White House Spins UK Pullout As Sign Of "Success" And "Stability"
All British Troops Out Of Iraq By End Of 2008
On Tuesday, UK prime minister Tony Blair talked to US President George W. Bush by phone and told him he was planning to announce the withdrawal of UK troops from Iraq.
Blair is set to announce today a withdrawal timetable that is expected to see some 1500 UK troops return home within weeks, and at least half of all 7000 deployed troops to be out of Iraq by Christmas.
The UK Guardian claims all British troops will be out of Iraq by the end of 2008.
In January, Blair reacted to calls from Liberal Democrats to set a timetable for withdrawal with the following words :
"to set an arbitrary timetable... that we will pull British troops out in October, come what may... would send the most disastrous signal to the people we are fighting inBlair is believed to have changed his mind for a variety of reasons, including intelligence reports that the UK presence is inflaming sectarian fighting, instead of quelling it, and the likelihood that Blair is to soon hand over the prime ministership to successor Gordon Brown, who hasn't a chance of winning the next UK election with the Iraq War hanging over his head.
A White House spokesman said the US viewed the British withdrawal as "a success" and a sign of increasing stability inside Iraq.
From abc.net.au :
"The President is grateful for the support of the British forces in the past and into the future," (the White House spokesman said).
"While the United Kingdom is maintaining a robust force in southern Iraq, we're pleased that conditions in Basra have improved sufficiently that they are able to transition more control to the Iraqis.
"The United States shares the same goal of turning responsibility over to the Iraqi Security Forces and reducing the number of American troops in Iraq."
From the BBC :
BBC political correspondent James Landale said: "We have been expecting an announcement for some time on this."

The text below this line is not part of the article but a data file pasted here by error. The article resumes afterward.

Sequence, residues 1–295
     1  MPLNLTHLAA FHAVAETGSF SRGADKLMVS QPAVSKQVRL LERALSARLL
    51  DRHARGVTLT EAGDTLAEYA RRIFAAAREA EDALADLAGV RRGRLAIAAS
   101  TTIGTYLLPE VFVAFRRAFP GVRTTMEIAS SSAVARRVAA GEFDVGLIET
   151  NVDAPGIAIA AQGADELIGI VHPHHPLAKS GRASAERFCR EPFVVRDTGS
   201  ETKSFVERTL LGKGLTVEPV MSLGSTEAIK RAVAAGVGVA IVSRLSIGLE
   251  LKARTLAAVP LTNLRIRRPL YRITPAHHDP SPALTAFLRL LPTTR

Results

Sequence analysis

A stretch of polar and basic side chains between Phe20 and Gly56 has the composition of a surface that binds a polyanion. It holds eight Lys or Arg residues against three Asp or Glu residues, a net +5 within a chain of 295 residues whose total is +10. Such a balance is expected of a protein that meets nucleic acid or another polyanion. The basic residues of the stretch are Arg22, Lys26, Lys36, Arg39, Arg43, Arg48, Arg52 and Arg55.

However, he said reports that all troops will have returned home by the end of 2008 was "not a fair representation of what is true at the moment".
Our correspondent said senior Whitehall sources had told him that the pullout was "slightly slower" than they had expected and "if conditions worsen this process could still slow up".
From the UK Guardian :
The prime minister is expected to say that Britain intends to gradually reduce the number of troops in southern Iraq over the next 22 months as Iraqi forces take on more responsibility for the security of Basra and the surrounding areas.
Ministers have taken on board the message coming from military chiefs over many months - namely that the presence of British troops on the streets of Basra is increasingly unnecessary, even provocative.
The reduction of just 1,000 by early summer cited by officials yesterday is significantly less than anticipated in reports that British troops in southern Iraq, presently totalling 7,200, would be cut by half by May.
A more cautious reduction may reflect concern expressed by the Iraqi and US governments about British intentions.
The US has privately admonished Britain claiming it is interested only in Basra. British ministers and officials say the situation in the Shia-dominated south cannot be compared to Baghdad, which is plagued by Sunni-Shia sectarian violence.
Under the plan due to be outlined by Mr Blair, British troops will gradually move into a single base on the outskirts of Basra. They will continue to take part in operations but in a role supporting Iraqi security forces rather than leading them, according to defence officials.
They will also continue operating long range desert patrols in Maysan province, north of Basra, along the border with Iran - a mission pressed on Britain by the US which says it is concerned about the smuggling of weapons from Iran. By the end of next year, all but a few army instructors will have left the country.
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